[Question #767] Transmission of HPV after genital wart removal

52 months ago
I have been in a monogamous sexual relationship with my current partner for the last year. When we first got together he disclosed that he had an active case of genital warts (the particular type of HPV was not identified, but he was tested and diagnosed as low-risk HPV). He had three warts removed the first month he discovered them, and had begun taking AHCC based on initial promising results of clinical trials in women. Six months later he had another GW show up and had it removed. It's been almost six months to the day the last one was removed and another just showed up. We're both pretty disappointed as we were hoping he'd be in the percentage of people whose bodies get rid of the virus within 12 months.

During the first six months of the relationship we used condoms when practicing oral and vaginal intercourse (I understand I was still at risk even w/ condoms from potential virus load in surrounding tissues not covered by the condom or GW too small to see) and abstained from sex when there was an overt wart until it was removed and the skin healed. About three months ago (so 3 months before last one and 3 months before new GW), we decided to start having unprotected oral and vaginal intercourse. My question is, once he has the new GW removed, how long should we wait before having unprotected sex? I assume there is a good chance I've already been exposed, I was willing to take the risk three months after the last time and I'm comfortable with even a smaller window this time, but I also don't want to get warts on my mouth (or genitals). Is it common for GW to appear like this - one every six months? The timing seems oddly regular.
Edward W. Hook M.D.
Edward W. Hook M.D.
52 months ago
Welcome to our Forum.  Your thoughtful questions are good ones and, unfortunately questions that there are not great answers for.  I'll share some thoughts which I hope will be helpful.  I think my responses might be a little different if I knew your age, had a rough idea of how many sex partners you have had in the past, and whether or not you have received the HPV vaccine.

Irrespective, my suspicion is that, given the duration of your relationship, that you have already been exposed and, if susceptible (I.e. If you have not had the vaccine- if you have had the vaccine, I doubt that you are at all susceptible to acquisition of infection from him) infected by your current partner.  Hence, I cannot think of any reason to be concerned about infection from him or to not engage in unprotected sex because of concern about infection going forward.  Your susceptibility to his infection should not be a concern.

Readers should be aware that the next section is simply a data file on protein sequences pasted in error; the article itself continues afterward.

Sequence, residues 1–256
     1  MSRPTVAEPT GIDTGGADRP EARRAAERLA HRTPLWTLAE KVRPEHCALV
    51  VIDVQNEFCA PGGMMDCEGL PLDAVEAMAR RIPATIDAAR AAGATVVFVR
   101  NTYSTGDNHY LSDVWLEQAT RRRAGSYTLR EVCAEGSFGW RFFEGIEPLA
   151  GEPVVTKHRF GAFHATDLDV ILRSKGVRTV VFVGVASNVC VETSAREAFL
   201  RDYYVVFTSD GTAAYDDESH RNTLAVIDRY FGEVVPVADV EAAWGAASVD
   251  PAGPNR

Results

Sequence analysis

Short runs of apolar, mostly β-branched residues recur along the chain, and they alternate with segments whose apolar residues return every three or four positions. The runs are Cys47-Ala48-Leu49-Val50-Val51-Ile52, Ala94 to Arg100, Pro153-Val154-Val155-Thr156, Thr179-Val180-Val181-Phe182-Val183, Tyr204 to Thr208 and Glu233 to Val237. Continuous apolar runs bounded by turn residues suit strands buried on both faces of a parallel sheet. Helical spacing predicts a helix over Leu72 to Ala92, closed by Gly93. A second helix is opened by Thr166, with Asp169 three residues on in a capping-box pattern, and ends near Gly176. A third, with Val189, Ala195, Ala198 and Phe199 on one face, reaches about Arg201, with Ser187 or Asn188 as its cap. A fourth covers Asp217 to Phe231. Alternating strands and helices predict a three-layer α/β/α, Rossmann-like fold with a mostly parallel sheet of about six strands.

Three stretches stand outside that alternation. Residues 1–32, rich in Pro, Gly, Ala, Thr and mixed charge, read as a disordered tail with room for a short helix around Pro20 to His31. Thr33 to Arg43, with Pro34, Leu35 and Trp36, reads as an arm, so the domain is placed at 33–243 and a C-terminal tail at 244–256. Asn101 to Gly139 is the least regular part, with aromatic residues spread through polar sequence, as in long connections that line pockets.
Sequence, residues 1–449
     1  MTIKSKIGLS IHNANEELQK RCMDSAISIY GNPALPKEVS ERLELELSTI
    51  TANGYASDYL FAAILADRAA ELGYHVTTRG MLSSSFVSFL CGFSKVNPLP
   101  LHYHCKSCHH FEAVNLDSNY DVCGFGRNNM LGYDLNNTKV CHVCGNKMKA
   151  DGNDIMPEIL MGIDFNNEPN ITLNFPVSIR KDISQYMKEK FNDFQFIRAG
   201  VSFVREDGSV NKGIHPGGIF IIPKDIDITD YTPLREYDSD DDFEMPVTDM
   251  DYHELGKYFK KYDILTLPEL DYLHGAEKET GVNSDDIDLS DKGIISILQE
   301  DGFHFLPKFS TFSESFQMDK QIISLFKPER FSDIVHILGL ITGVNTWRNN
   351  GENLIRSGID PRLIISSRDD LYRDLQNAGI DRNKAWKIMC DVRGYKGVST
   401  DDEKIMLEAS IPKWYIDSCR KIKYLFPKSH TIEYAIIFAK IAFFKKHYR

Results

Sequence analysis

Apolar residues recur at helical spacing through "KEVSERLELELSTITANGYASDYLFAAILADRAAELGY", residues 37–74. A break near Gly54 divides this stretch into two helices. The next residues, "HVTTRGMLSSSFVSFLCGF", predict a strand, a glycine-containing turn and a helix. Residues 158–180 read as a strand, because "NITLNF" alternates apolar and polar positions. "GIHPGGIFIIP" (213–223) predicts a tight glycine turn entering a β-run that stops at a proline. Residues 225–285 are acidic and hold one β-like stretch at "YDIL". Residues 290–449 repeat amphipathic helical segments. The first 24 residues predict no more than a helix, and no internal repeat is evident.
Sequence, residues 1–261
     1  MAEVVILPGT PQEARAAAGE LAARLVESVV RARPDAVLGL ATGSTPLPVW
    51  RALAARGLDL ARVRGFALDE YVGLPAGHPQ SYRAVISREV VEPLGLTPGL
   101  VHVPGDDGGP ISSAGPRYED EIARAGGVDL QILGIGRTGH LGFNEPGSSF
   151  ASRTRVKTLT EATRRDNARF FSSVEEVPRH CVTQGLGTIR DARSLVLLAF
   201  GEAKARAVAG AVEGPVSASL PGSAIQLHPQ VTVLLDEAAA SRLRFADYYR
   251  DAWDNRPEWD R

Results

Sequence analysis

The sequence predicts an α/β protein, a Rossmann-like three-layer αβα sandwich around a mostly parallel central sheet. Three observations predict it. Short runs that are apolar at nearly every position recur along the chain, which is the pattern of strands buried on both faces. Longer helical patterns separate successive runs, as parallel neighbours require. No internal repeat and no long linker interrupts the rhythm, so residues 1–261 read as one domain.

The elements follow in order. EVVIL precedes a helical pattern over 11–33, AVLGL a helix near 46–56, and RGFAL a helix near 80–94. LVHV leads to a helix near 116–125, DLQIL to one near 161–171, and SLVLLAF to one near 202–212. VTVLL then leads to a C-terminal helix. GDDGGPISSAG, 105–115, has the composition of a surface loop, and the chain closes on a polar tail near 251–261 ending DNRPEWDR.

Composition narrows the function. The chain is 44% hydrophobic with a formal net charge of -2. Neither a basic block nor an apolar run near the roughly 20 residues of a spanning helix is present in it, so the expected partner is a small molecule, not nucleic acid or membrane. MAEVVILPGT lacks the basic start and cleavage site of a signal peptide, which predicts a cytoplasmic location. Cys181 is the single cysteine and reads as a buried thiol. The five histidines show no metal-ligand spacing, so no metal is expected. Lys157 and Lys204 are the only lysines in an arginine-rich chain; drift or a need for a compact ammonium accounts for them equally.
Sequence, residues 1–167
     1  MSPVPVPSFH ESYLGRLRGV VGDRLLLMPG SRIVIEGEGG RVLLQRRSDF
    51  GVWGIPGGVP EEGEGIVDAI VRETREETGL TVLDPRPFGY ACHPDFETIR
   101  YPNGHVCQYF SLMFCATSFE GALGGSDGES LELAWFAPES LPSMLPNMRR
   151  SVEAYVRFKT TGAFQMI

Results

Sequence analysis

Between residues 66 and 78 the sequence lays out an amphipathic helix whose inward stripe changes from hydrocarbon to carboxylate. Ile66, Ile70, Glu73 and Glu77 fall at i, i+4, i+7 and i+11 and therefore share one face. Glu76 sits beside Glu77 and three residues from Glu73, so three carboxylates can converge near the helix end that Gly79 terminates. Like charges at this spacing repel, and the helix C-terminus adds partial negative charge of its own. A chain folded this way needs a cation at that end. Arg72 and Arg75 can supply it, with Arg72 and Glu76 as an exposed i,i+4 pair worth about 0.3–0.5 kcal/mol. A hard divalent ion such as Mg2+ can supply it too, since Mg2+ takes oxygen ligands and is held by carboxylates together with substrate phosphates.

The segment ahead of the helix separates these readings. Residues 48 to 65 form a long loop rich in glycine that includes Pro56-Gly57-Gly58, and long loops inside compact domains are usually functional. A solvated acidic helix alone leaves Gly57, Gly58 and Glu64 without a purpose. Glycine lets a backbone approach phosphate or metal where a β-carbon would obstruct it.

As far as the continued appearance of additional warts in him, this is challenging to predict.  Typically it takes at least three to six months after exposure for genital warts to become apparent and in some cases it can take far longer.  There are fewer data about wart recurrence following treatment after treatment (i.e. Treatment failure)  but I suspect that your partner's rate of recurrence is not atypical.

I hope these comments are at least partially helpful to you.  EWH
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52 months ago
Sorry! Should have included that information. My partner is 37, I'm 41, so never received the HPV vaccine (although I've read that the vaccine is only for a limited number of HPV types, so I'm surprised to hear you say I wouldn't be susceptible if ages were completely different and I had been vaccinated prior to becoming sexually active?). I've had around 15 different sexual partners in my lifetime (including oral and/or vaginal intercourse), all male. If infected with the same type that's causing the appearance of genital warts in my partner, do you know what the percentage of likelihood is that I will have overt genital or oral warts as well (vs. having the virus, but being asymptomatic)?
Edward W. Hook M.D.
Edward W. Hook M.D.
52 months ago
Thanks for this helpful information.  The reason I made that statement about vaccine related protection is that two types of HPV, types 6 and 11, cause nearly all visible genital warts and the vaccine contains these two types and offers nearly complete protection from infection by these HPV types.

 While we have clear data that nearly all visible warts are caused by these two types, we have less data about the converse question (what proportion of infections with these viruses do (or do not) cause visible warts).  Thus you may have this infection without symptoms.  If you do, that is Not a health problem for you as infection with HPV 6 or 11 is not significantly associated with risk for cervical cancer or dysplasia.  Thus, in terms of consequences, having visible warts or a partner with them is a nuisance and possibly a cosmetic problem but has virtually no long term health consequences,  EWH
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